However

This is not the lightest jacket you can get, and it also feels slightly cold and clammy compared to a 3-layer fabric that controls condensation even better. A third chest pocket would be useful, like many lightweight jackets, but at least the two main pockets you get are great. There is very little wrong here if you want a practical lightweight jacket for hillwalking, but some details are better on higher-priced jackets.

Verdict

 For £130 this is a superb lightweight jacket, but a bit more budget may bring a few benefits.

  • Features 5/5
  • Fit 5/5
  • Comfort 4/5
  • In use 4/5
  • Value for money 5/5
  • OVERALL SCORE 92%

Montane Minimus Stretch Ultra £165

  • Men’s XS-XL
  • Women’s 8-16
  • Weight 202g (size L)
  • Material 2.5-layer 20-denier Pertex Shield with stretch

It's good

The 2.5-layer fabric is stretchy and very thin, which shaves off some weight. I found this jacket fitted closely while still providing very good freedom of movement without the hem or cuffs riding up. There are two main pockets with mesh linings, which are easily accessed while wearing a rucksack belt and just about take an OS map. The hood is elasticated at the back and has face drawcords as well as a wired peak. A nice touch is a section of soft brushed fabric at the chin behind the zip. The weight is very impressive for what you get too.

However

Those two pockets are mesh-lined, so water can potentially creep through this jacket, but also it is a tight squeeze to get an OS map into them. Also the cuffs are elasticated rather than having Velcro adjustment, so you cannot control their fit as well as others. The hood fit and movement is acceptable, but it does not move as well with the head as others. Finally, the fabric feels more cold and clammy than stiffer 3-layer fabrics.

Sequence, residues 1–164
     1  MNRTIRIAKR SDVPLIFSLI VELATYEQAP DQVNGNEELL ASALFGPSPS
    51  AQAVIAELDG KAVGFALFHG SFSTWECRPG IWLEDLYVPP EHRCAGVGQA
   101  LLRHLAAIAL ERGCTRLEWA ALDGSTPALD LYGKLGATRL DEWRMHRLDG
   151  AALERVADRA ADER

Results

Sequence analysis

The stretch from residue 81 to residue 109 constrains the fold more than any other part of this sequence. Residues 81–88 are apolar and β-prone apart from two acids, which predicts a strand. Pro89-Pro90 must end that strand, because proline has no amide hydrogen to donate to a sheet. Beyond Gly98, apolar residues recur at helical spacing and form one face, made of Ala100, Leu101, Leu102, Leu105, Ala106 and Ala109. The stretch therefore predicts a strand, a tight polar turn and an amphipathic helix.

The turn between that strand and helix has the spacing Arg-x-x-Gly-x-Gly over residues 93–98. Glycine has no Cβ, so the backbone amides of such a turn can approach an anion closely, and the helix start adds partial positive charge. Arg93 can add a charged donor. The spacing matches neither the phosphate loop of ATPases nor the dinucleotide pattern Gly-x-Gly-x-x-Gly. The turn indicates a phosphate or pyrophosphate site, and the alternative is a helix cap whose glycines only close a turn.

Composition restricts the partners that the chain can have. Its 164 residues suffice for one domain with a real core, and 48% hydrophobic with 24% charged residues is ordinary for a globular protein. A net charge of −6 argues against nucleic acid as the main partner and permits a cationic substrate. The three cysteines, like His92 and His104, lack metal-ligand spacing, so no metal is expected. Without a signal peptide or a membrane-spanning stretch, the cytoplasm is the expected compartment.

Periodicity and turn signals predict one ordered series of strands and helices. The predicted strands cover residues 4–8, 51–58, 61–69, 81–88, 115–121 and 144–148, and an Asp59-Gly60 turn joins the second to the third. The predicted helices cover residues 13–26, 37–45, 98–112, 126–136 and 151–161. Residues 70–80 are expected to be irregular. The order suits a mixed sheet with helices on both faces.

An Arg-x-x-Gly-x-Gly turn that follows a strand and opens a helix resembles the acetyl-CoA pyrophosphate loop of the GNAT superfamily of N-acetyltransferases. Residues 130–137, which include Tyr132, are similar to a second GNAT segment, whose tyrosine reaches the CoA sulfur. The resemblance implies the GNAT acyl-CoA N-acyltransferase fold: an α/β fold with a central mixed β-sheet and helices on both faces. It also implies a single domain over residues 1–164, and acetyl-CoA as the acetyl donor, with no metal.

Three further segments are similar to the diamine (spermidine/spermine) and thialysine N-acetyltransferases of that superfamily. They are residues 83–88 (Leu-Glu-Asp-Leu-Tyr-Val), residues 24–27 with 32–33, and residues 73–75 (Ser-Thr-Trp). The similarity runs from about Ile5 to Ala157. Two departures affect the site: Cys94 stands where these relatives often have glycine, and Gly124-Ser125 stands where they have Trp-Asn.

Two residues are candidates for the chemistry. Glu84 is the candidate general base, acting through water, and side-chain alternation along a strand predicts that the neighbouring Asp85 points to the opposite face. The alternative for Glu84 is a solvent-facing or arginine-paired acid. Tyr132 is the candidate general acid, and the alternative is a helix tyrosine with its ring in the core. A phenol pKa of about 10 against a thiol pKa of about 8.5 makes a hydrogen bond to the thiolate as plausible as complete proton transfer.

Verdict

A lighter jacket with stretchy material – but the cuffs, pockets and hood are not perfect.

  • Features 4/5
  • Fit 4/5
  • Comfort 3/5
  • In use 4/5
  • Value for money 4/5
  • OVERALL SCORE 76%

Alpkit Balance £175

  • Men’s S-XXL
  • Women’s 8-16
  • Weight 338g (size L)
  • Material 3-layer laminate with nylon face and PU/PTFE membrane

It's good

The 3-layer fabric feels a little tougher than lighter jackets, and also it benefits from a thin bi-component knit backer to manage condensation better than some lighter jackets. You get two good-sized pockets that take an OS map easily while wearing a rucksack. The pockets are mesh lined which reduces cost, weight and increases airflow for condensation control. The hood is very good thanks to a wired peak and excellent fit and movement. There is reasonable movement in the sleeves too. All that for this price and weight is hard to beat for hillwalking and backpacking.

However